New PROTECT paper

The article “Tipping point in ice-sheet grounding-zone melting due to ocean water intrusion” was published in Nature Geoscience.

The missing piece of the puzzle

Ice sheet models under predict how much ice is currently being lost from the world’s major ice sheets, in Greenland and Antarctica. They also struggle to reproduce how much ice must have been lost from these regions during past periods when the Earth was much warmer than it is today. 
This suggests that ice sheet models are missing some important physics, which can explain the differences between what we see happening and what we can simulate. What happens in a region of the ice sheet called the ‘grounding zone’ might be the missing piece of the puzzle.  The grounding zone of ice sheet is the region connecting ice sitting on top of bedrock to that floating on top of the ocean. It is a dynamic region, where relatively warm water from the ocean meets cold meltwater from beneath the ice sheet. 

Because the ocean water is more dense, it can intrude beneath the ice sheet in the grounding zone, melting the ice sheet from beneath. The amount of sea level rise from ice sheets is very sensitive to the distance this water can intrude, making it very interesting to researchers.

An important feedback

Using models of grounding zones, researchers have previously shown that water can intrude kilometres underneath ice sheets. But these models did not include an important feedback between the shape of the grounding zone and how much melting can take place. We showed that with this feedback, grounding zones are much more sensitive to intrusion.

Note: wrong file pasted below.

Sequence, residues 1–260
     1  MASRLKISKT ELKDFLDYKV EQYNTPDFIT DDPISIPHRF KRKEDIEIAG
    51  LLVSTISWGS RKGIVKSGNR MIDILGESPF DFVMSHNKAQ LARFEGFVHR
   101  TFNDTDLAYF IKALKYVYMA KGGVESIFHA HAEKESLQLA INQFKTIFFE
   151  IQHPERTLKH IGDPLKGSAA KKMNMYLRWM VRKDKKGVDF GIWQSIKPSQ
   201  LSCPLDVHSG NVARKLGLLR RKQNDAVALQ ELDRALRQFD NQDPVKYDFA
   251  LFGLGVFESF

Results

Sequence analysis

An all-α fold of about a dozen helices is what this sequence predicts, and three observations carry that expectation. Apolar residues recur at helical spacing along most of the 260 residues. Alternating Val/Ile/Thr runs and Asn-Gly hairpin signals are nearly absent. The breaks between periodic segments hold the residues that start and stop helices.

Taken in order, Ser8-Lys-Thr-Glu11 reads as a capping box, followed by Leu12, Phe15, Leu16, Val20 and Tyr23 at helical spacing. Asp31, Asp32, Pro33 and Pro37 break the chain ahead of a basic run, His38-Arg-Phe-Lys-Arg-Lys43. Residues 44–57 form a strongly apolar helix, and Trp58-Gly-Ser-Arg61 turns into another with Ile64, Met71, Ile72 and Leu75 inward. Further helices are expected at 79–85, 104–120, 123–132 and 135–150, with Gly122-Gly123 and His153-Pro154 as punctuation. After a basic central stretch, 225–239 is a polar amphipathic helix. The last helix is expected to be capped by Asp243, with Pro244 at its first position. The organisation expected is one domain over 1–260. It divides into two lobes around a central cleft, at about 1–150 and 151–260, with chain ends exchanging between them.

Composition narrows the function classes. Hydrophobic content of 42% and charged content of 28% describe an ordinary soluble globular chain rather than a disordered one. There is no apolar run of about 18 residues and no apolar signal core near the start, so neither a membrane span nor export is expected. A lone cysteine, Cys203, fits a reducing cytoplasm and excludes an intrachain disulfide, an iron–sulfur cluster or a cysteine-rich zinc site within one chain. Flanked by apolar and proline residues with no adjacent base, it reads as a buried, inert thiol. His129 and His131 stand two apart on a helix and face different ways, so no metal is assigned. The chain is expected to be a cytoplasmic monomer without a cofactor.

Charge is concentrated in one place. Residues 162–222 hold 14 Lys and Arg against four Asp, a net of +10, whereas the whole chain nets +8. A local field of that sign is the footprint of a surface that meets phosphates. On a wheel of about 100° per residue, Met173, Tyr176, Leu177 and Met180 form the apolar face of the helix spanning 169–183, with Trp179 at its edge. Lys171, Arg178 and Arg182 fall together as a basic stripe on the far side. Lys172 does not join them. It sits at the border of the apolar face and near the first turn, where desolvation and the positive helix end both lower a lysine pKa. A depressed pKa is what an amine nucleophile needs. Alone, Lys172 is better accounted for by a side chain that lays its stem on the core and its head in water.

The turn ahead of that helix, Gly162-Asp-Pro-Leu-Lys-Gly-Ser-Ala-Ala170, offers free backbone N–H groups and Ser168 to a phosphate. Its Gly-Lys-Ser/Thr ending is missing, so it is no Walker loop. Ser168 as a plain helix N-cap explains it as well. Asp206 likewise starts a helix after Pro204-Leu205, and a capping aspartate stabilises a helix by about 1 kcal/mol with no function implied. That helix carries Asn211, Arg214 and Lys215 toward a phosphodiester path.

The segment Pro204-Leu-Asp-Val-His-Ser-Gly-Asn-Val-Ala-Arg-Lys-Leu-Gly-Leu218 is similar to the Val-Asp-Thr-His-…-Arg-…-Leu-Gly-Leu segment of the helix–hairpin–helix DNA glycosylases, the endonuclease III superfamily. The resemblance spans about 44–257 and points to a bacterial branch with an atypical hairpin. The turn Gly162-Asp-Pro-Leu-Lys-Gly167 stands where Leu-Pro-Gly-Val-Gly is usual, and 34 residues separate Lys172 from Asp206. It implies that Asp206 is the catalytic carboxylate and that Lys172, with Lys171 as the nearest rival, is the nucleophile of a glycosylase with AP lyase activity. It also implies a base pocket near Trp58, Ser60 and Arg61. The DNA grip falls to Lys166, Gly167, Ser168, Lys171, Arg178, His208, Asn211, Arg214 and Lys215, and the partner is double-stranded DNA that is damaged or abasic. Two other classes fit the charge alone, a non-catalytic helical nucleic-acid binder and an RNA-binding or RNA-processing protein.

In particular, we found that there is a switch in behaviour — or tipping point — that can be passed as the ocean warms. Beyond this tipping point, the amount of melting taking place beneath the ice sheet increases dramatically. This means that ice sheet models might be more sensitive to ocean warming, which is expected as greenhouse gas emissions increase.


Vulnerable glaciers

No glacier is safe from this process: any glacier exposed to warm enough water will experience this dramatic feedback. For any value of F (a number describing the behaviour of flow in the grounding zone ), there is a value of M (a number describing the ocean temperature) above which there is a switch between short and long intrusions.

We mapped out which glaciers in Antarctica might be vulnerable to this process. We are only able to consider their relative risk, i.e. which are more vulnerable than others. Our modelling suggests that Pine Island is highly susceptible to this process, but Thwaites less so.

Our best current projections of sea-level rise do not include this mechanism. This means that future sea-level rise from the Antarctic and Greenland ice sheets may be much higher than we think.

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